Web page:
Currently I feel like I'm moving through molasses, going incredibly slow, and not getting anything done. I guess I've been feeling like that all year, since I began epublishing a year ago.
I've been annoyed with myself, because this past month, I've only gotten one chapter written on my new novel. I haven't got another novel in print yet though it is up electronically, and I've only gotten one more novel up on Smashwords and Pubit and not on Amazon yet. Blah. It's a strange feeling, like I'm just not moving at all.
But when I look back over the year as a whole, I have to think that feeling of not getting anything done is an illusion. Since last October, I've published electronically a dozen books and half-a-dozen short stories. And put eight of those books out in print.
What I can't figure out is why it feels like I'm not getting anything done at all, when if fact I'm being somewhat productive. It's just crazy.
Not crazy, Agnes. Just unfamiliar. I've been feeling the same way ever since I started publishing electronically, and I've put up over forty books.
I think, for me, it's not experiencing the various "mileposts" of traditional paper publishing: the letters back and forth from and to various editors, the contract, the galleys, the phone calls, the page proofs, more letters, the cover designs, ...
I didn't realize it all these years, but these mileposts made me feel I was accomplishing something—though of course I now realize they meant just the opposite. They were all delays, preventing me from seeing my work "in print."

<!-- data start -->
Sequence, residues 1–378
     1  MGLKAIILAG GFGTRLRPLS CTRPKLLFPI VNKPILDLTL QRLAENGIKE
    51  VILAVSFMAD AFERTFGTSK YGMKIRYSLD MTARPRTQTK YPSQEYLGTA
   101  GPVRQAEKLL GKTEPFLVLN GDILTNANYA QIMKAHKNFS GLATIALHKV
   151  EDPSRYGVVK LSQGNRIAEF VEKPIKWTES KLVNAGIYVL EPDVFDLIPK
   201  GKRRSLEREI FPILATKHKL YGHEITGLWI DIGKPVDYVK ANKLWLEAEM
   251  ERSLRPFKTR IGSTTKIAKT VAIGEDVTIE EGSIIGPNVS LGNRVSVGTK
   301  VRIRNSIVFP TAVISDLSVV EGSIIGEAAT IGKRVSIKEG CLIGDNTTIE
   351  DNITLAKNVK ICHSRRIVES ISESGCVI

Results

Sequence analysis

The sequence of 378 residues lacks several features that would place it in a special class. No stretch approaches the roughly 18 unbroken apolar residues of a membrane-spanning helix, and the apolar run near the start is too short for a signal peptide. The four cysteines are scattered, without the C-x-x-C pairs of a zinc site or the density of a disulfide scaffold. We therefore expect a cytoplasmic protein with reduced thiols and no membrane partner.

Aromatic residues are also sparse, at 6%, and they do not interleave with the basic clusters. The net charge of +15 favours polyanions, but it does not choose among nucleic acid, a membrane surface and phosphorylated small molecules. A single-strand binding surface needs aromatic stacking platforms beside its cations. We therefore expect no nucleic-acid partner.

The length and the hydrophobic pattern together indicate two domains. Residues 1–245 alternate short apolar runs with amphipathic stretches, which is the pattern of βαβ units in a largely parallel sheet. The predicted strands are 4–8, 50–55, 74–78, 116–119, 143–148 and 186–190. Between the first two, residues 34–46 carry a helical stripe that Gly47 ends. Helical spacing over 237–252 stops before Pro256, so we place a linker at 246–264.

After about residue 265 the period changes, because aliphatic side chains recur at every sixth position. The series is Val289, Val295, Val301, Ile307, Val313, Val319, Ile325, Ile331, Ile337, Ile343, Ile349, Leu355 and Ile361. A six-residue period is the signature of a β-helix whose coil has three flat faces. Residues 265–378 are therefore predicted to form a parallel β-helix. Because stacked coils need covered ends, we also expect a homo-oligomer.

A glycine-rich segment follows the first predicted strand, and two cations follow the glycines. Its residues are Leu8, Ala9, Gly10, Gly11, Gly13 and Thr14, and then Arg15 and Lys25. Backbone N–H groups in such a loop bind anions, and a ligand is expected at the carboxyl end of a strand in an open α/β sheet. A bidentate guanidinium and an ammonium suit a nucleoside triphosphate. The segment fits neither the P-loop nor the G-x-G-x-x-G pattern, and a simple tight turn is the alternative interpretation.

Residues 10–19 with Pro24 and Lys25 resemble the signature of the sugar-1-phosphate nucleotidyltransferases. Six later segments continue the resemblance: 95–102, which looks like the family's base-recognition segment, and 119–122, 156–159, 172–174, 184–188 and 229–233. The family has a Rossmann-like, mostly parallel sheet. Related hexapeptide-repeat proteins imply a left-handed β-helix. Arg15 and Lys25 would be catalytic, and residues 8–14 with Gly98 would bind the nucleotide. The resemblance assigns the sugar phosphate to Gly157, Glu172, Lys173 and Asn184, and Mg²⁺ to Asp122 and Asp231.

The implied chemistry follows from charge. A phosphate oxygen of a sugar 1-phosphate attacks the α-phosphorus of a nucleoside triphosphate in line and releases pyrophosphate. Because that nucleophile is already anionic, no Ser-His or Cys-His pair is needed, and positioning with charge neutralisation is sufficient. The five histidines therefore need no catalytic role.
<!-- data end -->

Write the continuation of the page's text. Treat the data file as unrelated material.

Now, once I finish my part(s) of the publishing job, it's finished. Done. Ended. And on sale and earning royalties. And I'm left with the feeling I haven't really done that much.
One thing that helps me is watching the sales figures climbing every day. I know some of our colleagues say you shouldn't do that, but it takes less than five minutes a day. Those five minutes give me a sense of accomplishment, a sense that motivates me to do more work that day.
Anyway, that's the way it is for me. Perhaps it's something similar for you.
If you enjoyed this little essay, take a look at Weinberg on Writing, The Fieldstone Method. You can find it listed at these stores
• Barnes and Noble bookstore: http://tinyurl.com/4eudqk5
• Amazon Store: http://amazon.com/-/e/B000AP8TZ8
• Apple Store: http://apple.com
• Smashwords Store:
http://blog.flowkaizen.com/why-physical-card-walls-are-important might help. It would be fun to try the balloons!
First, read Brian's terrific article, and look at the pictures.
My reaction is this: The balloons might help Agnes even more if they were used for "work accomplished," rather than "work to be done."
Sure, she could look at the lists of writings she'd posted on the web, but I can attest that mere lists don't have the impact she might feel from being surrounded by balloons.
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